and multiple tiers of high-bandwidth memory. Stacking of logic is currently limited to lowpower tiers.

Three-dimensional (3D) stacking of multiple tiers of high-power logic and other
functional blocks, including radio frequency devices, promises to allow significant further
advancement in capabilities of future microsystems, but is currently infeasible due to insufficient
in-plane and out of plane heat acquisition capabilities from each tier, and poor thermal isolation
between functional blocks. Unoptimized heat transmission and rejection also result in large
overall size of thermal management hardware. This limits growth in system capabilities,
particularly in radio frequency systems, image analysis, and high-performance computing,
including artificial intelligence and machine learning applications, in size, weight, and power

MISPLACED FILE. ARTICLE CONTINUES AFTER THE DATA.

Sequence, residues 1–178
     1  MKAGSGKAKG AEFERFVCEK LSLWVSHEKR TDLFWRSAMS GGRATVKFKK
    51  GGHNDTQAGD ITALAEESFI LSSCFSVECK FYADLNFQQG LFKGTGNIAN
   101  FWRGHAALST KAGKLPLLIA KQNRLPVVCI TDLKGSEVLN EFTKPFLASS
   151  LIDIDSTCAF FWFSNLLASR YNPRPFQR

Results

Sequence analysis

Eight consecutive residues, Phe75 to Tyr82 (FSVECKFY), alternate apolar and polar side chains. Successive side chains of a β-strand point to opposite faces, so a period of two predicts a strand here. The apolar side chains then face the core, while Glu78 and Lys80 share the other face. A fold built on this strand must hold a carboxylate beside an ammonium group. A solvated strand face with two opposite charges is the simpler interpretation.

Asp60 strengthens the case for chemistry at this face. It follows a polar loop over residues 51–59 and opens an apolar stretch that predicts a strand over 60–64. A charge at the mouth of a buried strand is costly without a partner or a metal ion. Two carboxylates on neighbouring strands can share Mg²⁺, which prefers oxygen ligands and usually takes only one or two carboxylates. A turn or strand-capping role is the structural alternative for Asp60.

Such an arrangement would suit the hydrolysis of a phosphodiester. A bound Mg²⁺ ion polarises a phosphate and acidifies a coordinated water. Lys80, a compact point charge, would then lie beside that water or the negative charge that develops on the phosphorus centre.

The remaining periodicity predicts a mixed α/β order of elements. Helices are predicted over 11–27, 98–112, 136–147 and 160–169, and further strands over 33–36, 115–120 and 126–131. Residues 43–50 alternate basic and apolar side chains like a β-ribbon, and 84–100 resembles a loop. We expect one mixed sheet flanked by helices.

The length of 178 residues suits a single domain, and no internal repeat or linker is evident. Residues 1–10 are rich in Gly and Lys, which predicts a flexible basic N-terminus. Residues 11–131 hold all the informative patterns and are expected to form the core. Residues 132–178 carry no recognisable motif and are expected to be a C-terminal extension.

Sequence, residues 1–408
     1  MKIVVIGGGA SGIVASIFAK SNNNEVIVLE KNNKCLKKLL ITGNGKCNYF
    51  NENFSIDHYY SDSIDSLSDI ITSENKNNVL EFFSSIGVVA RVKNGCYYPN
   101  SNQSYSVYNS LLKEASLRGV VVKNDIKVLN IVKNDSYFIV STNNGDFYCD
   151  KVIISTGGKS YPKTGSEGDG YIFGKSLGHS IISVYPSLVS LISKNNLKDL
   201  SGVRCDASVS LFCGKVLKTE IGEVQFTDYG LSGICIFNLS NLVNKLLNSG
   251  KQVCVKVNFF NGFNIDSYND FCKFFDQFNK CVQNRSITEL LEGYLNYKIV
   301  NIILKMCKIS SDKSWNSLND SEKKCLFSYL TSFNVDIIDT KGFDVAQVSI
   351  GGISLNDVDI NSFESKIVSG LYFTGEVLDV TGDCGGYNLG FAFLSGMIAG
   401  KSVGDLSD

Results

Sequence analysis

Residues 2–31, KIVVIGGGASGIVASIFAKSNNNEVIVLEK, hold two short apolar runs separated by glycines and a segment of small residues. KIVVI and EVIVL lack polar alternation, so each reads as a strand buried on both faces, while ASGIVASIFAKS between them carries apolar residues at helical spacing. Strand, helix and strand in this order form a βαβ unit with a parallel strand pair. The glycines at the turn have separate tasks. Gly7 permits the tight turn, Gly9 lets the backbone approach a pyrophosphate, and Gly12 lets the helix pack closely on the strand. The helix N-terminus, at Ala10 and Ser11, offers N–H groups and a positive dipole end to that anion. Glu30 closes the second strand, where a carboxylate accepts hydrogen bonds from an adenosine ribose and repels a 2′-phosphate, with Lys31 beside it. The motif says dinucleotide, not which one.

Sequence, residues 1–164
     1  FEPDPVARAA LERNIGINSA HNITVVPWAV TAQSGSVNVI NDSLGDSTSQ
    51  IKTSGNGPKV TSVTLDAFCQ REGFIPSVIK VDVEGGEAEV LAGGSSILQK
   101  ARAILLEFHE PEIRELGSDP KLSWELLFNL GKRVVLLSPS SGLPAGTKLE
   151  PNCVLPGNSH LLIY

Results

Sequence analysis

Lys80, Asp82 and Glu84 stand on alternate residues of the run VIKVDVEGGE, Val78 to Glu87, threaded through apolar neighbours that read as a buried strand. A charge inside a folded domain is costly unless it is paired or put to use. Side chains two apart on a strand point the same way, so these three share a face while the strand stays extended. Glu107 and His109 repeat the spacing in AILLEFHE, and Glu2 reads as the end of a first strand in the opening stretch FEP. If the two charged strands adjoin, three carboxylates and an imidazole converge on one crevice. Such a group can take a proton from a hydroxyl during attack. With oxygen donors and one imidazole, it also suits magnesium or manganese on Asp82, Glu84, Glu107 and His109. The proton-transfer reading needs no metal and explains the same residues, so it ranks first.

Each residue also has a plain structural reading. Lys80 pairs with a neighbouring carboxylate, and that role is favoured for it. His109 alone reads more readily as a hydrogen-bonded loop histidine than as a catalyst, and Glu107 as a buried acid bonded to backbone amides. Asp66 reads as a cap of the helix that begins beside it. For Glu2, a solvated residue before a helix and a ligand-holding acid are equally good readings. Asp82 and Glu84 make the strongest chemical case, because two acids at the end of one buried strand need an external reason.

(SWaP) constrained applications at the edge.

The Minitherms3D program seeks to develop a compact thermal management technology
scalable to an arbitrarily large number of high-power tiers in a 3D stack. The program will
culminate in a demonstration with:
 3D stacking of five tiers with total heat dissipation > 6.8 kW
 Heat rejection system < 0.006 m3

The Minitherms3D program has one technical area (TA) with three phases (18 months, 18
months, 12 months for Phases 1, 2, and 3, respectively).

The Minitherms3D TA will focus on multi-scale thermal management technologies within and
outside a high-power 3DHI stack. In order to meet the program goals (Table 1), it is imperative
that all thermal resistances be addressed simultaneously to achieve optimal solutions across the
range of length scales of interest. Proposers should specifically address how they will de-risk the
pitfalls of addressing a specific thermal resistance within the overall chain and neglecting some

During Phase 1, performers will focus on hot spot mitigation approaches for a stack of three
equally-powered tiers with total thermal dissipation of 4 kW, while establishing approaches for